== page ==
II. Standard of Review

         HAL moves to dismiss for lack of personal jurisdiction under Federal Rule of Civil Procedure 12(b)(2). (ECF No. 15.) Neither party contests the Court's subject-matter jurisdiction.[3]

         When a defendant challenges personal jurisdiction under Rule 12(b)(2), “[t]he plaintiff bears the burden of making a prima facie showing of the court's personal jurisdiction over the defendant.” Intera Corp. v. Henderson, 428 F.3d 605, 615 (6th Cir. 2005). A plaintiff “can meet this burden by ‘establishing with reasonable particularity sufficient contacts between [a defendant] and the forum state to support jurisdiction.'” Neogen Corp. v. Neo Gen Screening, Inc., 282 F.3d 883, 887 (6th Cir. 2002) (quoting Provident Nat'l Bank v. Cal. Fed. Sav. Loan Ass'n, 819 F.2d 434, 437 (3d Cir. 1987)). A plaintiff may not rest on her pleadings, but must, by affidavit or otherwise, set forth specific evidence supporting jurisdiction. Carrier Corp. v. Outokumpu Oyj, 673 F.3d 430, 449 (6th Cir. 2012). Because the Court is relying solely on written submissions and affidavits to resolve this Motion, Branstetter's burden to establish a prima facie showing of personal jurisdiction is “relatively slight.” Air Prods. & Controls, Inc. v. Safetech Int'l, Inc., 503 F.3d 544, 549 (6th Cir. 2007) (quoting Am. Greetings Corp. v. Cohn, 839 F.2d 1164, 1169 (6th Cir. 1988)). The Court construes the facts in the light most favorable to Branstetter. See id. (citing Theunissen v. Matthews, 935 F.2d 1454, 1459 (6th Cir. 1991)).

         When considering a motion to dismiss for lack of personal jurisdiction under Rule 12(b)(2), a federal court looks first to the long-arm statute of the state in which it sits to determine the state's limitations on personal jurisdiction. See Aristech Chem. Int'l Ltd. v. Acrylic Fabricators, Ltd., 138 F.3d 624, 627 (6th Cir. 1998). The court then assesses whether the exercise of personal jurisdiction, if any, would be appropriate under the Due Process Clause of the Fourteenth Amendment. Fed.R.Civ.P. 4(k)(1)(A); see Bird v. Parsons, 289 F.3d 865, 871 (6th Cir. 2002); CompuServe, Inc. v. Patterson, 89 F.3d 1257, 1262 (6th Cir. 1996).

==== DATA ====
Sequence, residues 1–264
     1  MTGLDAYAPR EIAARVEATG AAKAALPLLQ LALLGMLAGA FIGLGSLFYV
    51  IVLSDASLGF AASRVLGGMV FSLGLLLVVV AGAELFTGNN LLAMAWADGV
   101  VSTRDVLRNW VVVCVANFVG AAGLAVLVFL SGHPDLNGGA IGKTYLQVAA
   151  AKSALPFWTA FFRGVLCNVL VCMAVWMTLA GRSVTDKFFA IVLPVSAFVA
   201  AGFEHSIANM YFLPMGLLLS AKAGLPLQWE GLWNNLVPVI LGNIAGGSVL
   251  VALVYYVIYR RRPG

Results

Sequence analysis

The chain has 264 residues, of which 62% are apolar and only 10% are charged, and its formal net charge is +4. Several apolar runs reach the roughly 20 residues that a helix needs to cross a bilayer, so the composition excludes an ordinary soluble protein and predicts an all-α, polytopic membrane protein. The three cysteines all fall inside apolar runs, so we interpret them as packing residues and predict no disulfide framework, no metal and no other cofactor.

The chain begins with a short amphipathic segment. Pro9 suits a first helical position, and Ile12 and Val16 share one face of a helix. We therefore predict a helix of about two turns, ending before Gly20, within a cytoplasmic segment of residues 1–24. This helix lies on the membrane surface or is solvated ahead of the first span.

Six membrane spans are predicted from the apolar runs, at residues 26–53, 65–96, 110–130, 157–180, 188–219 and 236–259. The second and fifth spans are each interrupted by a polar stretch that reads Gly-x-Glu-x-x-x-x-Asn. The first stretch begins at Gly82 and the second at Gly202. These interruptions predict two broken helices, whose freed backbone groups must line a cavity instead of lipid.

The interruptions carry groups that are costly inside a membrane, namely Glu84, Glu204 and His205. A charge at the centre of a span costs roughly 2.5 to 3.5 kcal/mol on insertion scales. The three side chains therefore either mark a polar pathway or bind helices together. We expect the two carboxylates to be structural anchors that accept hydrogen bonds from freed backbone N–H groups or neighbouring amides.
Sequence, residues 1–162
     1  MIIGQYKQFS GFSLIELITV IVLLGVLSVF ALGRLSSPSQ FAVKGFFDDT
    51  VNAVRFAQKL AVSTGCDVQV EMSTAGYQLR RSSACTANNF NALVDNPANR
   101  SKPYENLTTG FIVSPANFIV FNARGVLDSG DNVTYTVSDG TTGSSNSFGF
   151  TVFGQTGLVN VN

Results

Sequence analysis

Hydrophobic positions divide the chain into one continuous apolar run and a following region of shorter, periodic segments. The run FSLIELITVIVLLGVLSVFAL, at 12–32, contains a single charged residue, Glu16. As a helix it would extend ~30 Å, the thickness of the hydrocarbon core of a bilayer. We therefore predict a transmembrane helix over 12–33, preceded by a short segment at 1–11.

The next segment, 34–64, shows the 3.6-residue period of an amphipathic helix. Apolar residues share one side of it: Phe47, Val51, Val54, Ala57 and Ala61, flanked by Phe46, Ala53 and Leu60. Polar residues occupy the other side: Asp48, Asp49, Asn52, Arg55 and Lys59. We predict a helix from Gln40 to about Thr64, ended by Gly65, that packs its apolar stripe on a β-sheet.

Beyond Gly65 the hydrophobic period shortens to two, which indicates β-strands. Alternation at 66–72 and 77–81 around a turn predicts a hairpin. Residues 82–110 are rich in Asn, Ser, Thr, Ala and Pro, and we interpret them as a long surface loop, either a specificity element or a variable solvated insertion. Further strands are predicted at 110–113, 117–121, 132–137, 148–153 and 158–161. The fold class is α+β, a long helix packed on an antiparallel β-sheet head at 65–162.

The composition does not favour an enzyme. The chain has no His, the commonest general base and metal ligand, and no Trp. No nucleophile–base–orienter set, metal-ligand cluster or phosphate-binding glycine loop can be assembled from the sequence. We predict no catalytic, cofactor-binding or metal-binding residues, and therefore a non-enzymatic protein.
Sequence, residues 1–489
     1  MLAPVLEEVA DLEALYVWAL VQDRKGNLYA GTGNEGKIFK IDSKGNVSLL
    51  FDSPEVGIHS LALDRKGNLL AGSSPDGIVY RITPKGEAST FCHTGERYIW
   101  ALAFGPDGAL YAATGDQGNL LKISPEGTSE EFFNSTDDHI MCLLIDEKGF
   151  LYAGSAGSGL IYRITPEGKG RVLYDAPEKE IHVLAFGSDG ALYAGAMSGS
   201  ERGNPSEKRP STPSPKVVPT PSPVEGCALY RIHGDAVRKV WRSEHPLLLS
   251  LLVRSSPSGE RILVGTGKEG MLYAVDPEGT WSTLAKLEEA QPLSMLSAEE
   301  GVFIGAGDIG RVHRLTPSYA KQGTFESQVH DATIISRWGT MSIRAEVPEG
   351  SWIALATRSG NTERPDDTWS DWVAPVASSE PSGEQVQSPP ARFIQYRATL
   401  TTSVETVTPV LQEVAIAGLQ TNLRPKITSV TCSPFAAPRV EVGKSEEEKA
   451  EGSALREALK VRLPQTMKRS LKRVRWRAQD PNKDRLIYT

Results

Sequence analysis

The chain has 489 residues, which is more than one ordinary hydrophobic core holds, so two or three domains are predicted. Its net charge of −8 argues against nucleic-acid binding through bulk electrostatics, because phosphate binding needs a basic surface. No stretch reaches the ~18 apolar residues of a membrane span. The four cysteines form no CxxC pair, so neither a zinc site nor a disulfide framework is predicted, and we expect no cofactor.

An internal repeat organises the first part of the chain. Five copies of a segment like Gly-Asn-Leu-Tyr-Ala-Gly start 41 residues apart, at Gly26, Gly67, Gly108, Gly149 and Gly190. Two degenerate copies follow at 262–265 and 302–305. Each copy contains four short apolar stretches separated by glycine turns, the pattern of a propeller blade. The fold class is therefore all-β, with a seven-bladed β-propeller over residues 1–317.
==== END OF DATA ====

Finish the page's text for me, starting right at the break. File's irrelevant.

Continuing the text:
III. Analysis

         The jurisdictional limits of Tennessee law and federal due process are identical. See Parker v. Winwood, 938 F.3d 833, 839 (6th Cir. 2019); First Cmty. Bank, N.A. v. First Tenn. Bank, N.A., 489 S.W.3d 369, 384 (Tenn. 2015); Tenn. Code Ann. § 20-2-223(a)(6). The Court need only decide whether exercising personal jurisdiction over HAL is consistent with federal due process requirements. Bridgeport Music, Inc. v. Still N the Water Publ'g, 327 F.3d 472, 477 (6th Cir. 2003).

         The Due Process Clause requires that a non-resident defendant have at least “certain minimum contacts with [the forum state] such that the maintenance of the suit does not offend ‘traditional notions of fair play and substantial justice.'” Youn v. Track, Inc., 324 F.3d 409, 417 (6th Cir. 2003) (quoting Int'l Shoe Co. v. Washington, 326 U.S. 310, 316 (1945)). “There are two kinds of personal jurisdiction within the Federal Due Process inquiry: (1) general personal jurisdiction, where the suit does not arise from defendant's contacts with the forum state; and (2) specific jurisdiction, where the suit does arise from the defendant's contacts with the forum state.” Conn v. Zakharov, 667 F.3d 705, 712-13 (6th Cir. 2012).